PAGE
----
The Fake Field Farce


The field conditions have always been a stumbling point with World Cup qualifiers. The use of FieldTurf is frowned on, as is the laying of temporary sod that hasn’t had time to settle in.

CONCACAF might have slightly more lenient views when awarding Gold Cup matches, but as far as U.S. Soccer’s concerned, there are enough good, natural turf venues to avoid compromising its field standards. If you have fake turf, you won’t get a real World Cup qualifier.

That view may be changing slightly. As Grant Wahl’s reported, U.S. Soccer is now willing to consider fields like Portland and Seattle’s — the two highest profile FieldTurf venues — provided they carpet their fake stuff with real sod. If U.S. Soccer is confident the natural grass has time to bed in, World Cup qualifying could come to the northwest.

Unfortunately, as this debate regarding Portland and Seattle has evolved, nobody has ever paused to note this is not an actual issue. The complaints of “fake grass”or “artificial turf” are farcical when you walk Jeld-Wen Field and see how games are played. Seattle’s turf used to be a source of player complaints, but this year’s version was much improved. There’s nothing wrong with Portland or Seattle’s fields.

The issue becomes even more ludicrous when you spend a few minutes dribbling a ball on a hastily laid grass field. Seams in the surface are inevitable. Over the course of a few square yards, you’ll get uneven patches. Passes bobble. The surfaces almost never hold up under game conditions, and players are left with more complaints than if they had played on a mediocre synthetic pitch.

This is the alternative to FieldTurf?

To U.S. Soccer’s credit, they don’t seem willing to accept fields that haven’t settled, but at some point, we need to get beyond this whole real versus fake issue. As anybody who has played on good FieldTurf knows, the game may be slightly different, but the quality is the same.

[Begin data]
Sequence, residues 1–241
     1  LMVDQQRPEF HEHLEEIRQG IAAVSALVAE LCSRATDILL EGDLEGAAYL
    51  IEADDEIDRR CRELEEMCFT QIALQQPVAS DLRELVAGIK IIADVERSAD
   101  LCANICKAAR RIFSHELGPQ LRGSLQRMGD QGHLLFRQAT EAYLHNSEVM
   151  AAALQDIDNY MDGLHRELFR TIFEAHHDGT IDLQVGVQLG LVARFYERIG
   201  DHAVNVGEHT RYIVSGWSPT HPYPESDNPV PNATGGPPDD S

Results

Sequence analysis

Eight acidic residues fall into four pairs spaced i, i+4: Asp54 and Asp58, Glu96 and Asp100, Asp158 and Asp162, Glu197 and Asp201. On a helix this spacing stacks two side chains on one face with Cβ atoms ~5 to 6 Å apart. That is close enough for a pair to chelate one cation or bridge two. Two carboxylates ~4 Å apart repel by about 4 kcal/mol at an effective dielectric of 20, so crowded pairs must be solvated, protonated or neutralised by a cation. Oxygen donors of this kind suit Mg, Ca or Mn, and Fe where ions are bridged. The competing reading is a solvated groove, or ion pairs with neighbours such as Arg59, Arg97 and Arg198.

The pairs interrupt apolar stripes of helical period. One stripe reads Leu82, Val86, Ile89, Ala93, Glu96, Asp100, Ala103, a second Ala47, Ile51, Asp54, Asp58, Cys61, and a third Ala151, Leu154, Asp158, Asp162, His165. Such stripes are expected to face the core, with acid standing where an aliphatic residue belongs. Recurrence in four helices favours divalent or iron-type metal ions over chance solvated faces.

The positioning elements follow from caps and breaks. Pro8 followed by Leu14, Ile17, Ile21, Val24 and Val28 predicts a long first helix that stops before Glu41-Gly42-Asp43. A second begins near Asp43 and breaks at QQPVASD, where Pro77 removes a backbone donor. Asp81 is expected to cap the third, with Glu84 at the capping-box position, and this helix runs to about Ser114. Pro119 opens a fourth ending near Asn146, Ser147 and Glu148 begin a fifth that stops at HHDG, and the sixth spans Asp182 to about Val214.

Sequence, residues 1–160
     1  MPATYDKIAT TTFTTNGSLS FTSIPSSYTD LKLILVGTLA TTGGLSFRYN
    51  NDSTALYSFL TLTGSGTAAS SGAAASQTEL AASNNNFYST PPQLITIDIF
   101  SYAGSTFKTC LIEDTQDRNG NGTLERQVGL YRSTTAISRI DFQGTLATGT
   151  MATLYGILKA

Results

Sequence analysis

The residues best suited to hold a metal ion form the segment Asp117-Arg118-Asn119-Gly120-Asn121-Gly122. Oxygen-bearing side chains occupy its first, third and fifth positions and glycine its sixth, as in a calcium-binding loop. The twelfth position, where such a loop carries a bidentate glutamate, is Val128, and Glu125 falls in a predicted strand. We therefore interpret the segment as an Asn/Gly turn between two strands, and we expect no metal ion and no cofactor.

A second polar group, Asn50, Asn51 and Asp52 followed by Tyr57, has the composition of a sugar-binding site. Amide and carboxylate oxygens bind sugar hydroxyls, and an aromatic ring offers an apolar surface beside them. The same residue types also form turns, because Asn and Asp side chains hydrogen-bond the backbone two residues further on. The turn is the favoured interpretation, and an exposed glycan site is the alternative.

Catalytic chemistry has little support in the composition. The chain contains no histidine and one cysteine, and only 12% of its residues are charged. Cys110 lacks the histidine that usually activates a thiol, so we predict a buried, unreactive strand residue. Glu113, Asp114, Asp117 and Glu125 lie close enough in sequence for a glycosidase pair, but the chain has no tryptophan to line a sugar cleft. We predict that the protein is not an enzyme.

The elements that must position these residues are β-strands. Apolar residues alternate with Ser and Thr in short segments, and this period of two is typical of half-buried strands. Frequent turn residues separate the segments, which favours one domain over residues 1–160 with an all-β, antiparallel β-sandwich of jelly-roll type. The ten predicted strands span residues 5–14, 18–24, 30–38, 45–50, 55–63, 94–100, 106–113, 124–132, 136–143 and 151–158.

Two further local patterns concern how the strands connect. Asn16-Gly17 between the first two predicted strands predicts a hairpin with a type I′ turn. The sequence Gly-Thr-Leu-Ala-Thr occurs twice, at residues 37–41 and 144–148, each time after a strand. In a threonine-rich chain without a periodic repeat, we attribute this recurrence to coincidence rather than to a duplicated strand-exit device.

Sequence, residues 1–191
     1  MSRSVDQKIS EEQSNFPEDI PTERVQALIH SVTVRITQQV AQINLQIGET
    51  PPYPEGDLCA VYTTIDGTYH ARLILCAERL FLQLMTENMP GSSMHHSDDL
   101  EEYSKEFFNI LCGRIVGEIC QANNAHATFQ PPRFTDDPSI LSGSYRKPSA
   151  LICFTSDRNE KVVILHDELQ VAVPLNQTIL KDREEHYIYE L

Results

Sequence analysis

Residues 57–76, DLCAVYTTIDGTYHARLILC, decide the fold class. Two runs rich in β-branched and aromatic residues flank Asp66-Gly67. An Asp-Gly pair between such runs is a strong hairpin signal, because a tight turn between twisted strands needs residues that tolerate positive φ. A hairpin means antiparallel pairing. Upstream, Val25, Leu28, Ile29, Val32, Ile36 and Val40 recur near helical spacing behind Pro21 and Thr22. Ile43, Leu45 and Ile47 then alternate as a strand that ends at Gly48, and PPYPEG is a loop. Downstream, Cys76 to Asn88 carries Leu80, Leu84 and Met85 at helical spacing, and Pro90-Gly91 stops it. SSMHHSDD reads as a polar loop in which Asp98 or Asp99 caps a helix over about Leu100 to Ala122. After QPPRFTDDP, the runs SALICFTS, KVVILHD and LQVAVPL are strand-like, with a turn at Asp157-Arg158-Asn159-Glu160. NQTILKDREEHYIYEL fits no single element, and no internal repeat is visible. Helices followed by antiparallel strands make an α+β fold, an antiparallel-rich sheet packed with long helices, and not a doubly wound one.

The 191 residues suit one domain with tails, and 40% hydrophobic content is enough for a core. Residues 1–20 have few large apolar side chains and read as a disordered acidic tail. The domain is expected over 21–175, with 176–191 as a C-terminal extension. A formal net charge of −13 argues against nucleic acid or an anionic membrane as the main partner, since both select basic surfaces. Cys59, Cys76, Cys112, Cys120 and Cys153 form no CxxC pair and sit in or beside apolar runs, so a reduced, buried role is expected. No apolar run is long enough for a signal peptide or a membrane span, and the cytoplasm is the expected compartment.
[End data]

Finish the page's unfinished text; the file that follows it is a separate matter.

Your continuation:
And of course, slight differences in quality exist between natural grass fields. Some play like carpets thanks to the efforts of their groundkeepers. Some play too soft and are torn up within 30 minutes. Others feel rock hard and produce strange bounces. And that doesn’t even take into account the more general fast versus slow differences.

There was a time when an aversion to fake fields was natural, but we’ve evolved beyond that. Thankfully, we’re past the days when players’ career were sacrificed to save money with artificial turf. Nobody in Major League Soccer’s playing on rugs over concrete.

FieldTurf isn’t perfect, but most natural pitches have problems, too. The fake stuff has become good enough to take it fields’ quality on a case-by-case basis. While Jeld-Wen’s field may be perfectly playable, another’s synthetic instance may not.

The whole debate is a farce. We talk about real and fake fields as if they fit into two distinct groups, but when it comes to quality of play and health of the players, that’s no longer the case. Excluding venues become of FieldTurf is an antiquated notion.

While the whole U.S. Soccer vs. Portland and Seattle case is intriguing, at some point somebody should step up and note it’s all based on a fallacy. Synthetic fields aren’t inherently bad.